Dan Caffrey says he wrote the stage-direction-free script of The Frog Prince as a sort of challenge to himself. “I tend to write plays that have a lot of spectacle and a lot of very specific stage directions,” he says. “[The Frog Prince] was written… to see if I could do that, if I could be really minimalist and just accomplish things with language and description rather than a bunch of action onstage.”
As it turns out, a script with no stage directions can easily become an audio play, and audio plays work pretty well for the new age of virtual theater, so the timing was right for The Frog Prince to find a home with Jarrott Productions this summer.
“We were definitely looking for something that we could do virtually, and we had already done one audio theater production,” artistic director David Jarrott says. “As a radio person in my former life, I’ve always enjoyed theater of the mind.” Jarrott loved Caffrey’s Frog Prince script and thought it was a perfect fit for a virtual audio production.
Caffrey’s script is based on the familiar fairy tale, but his version is a dark comedy that’s aimed squarely at an adult audience, and it’s also been updated for more modern sensibilities. “Growing up, I always read the fairy tale, like a lot of people did, and fell in love with it. Both The Frog Prince and The Frog Princess– this one kind of combines elements of both,” he says. “And then as I got older… and given a lot of the conversations we’ve been having the last few years, I started to realize that the frog prince is kind of an annoying character. The constant begging for a kiss, right? He’s what I like to call a sex pest. And so I thought it might be interesting to frame it through this kind of modern lens.”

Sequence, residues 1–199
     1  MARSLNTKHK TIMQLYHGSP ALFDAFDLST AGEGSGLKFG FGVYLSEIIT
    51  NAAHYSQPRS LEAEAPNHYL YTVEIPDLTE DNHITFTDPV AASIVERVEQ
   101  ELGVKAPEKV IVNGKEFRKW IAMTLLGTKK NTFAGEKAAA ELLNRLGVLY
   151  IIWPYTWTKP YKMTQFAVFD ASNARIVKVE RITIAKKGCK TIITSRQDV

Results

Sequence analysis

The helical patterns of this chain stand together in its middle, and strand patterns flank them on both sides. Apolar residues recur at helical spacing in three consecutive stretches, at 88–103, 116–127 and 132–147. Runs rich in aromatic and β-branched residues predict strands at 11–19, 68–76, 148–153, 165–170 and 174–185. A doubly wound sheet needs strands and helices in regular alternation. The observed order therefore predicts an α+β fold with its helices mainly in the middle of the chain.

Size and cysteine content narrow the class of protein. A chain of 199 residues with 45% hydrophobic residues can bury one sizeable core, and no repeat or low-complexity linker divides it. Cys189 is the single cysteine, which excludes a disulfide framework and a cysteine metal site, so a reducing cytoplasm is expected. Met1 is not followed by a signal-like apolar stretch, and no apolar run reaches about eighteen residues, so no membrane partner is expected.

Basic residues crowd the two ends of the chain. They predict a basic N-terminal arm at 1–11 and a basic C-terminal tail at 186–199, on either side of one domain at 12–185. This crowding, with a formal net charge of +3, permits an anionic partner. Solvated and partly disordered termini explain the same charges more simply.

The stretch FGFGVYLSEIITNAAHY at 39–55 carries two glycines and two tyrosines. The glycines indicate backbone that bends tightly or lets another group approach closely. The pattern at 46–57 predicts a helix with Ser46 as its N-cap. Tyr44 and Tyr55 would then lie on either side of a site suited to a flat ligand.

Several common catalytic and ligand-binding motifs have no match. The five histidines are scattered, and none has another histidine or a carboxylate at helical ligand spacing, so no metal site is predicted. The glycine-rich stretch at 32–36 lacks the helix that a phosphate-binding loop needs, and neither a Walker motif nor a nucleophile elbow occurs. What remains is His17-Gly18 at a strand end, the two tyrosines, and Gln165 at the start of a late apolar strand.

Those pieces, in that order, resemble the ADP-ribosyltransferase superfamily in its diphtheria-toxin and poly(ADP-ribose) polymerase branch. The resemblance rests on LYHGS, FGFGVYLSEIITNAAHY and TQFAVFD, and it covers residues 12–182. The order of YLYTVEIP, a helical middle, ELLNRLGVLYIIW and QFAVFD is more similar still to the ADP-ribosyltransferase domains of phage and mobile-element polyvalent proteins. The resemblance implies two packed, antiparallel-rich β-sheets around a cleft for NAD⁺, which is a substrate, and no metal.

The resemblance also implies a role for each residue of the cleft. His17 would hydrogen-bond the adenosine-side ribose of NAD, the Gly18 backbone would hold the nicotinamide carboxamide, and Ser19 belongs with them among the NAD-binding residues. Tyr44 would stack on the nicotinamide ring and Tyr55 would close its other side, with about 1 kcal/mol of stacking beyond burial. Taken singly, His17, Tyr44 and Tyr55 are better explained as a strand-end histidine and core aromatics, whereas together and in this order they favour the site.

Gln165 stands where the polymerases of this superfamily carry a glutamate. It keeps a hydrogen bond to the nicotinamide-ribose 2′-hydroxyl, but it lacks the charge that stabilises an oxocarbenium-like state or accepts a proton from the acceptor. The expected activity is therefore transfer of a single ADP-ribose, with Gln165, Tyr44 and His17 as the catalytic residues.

Caffrey says he wasn’t really interested in trying to make that character into something heroic. “I really didn’t try to make him sympathetic,” he says. “I wanted to make him specific. I wanted him to be manipulative and creepy in a very specific way that I think speaks to this moment. And then looping in the cast and just having that be a very open and honest conversation I think really helped me.”
“It was a very collaborative process, which you don’t always get with a theater piece,” Jarrott says. “Theater makers talk about finding the joy of doing what they do, and if it doesn’t bring you joy then why are you doing it? And this truly has been one of the most joyous productions I’ve been associated with in over 65 years of productions.”
Jarrott says he’d love to someday produce a full stage version of this show with the same group of actors. Everyone was cast with an audio production in mind, but Jarrott thinks they’d be ideal for a live-action version as well, including Toby Minor, who plays the titular frog. “If you know Toby at all, you know that he’s a certifiable loon,” Jarrott says. “When we did our recording session, it was the only time we were all together in the same room, [with] all the Covid precautions and all that sort of thing… and Toby did this on purpose, I know. He made sure he was the last one to enter the recording studio, and when he did, he came in a frog costume. And it was like ‘Where did you get that?’ And he said, ‘From my closet.’”
Caffrey says working with the cast and crew of The Frog Prince has helped him stay centered during the Covid lockdown. “It’s just been a real pleasure to work with them,” he says. “Just to have this play and make it more and more imaginative during a time when it’s really hard to do theater has just been really good for my soul.”
‘The Frog Prince’ is available to stream at JarrotProductions.com throughout the month of August, or ‘Frogust’ as David Jarrott likes to say because he loves frog puns.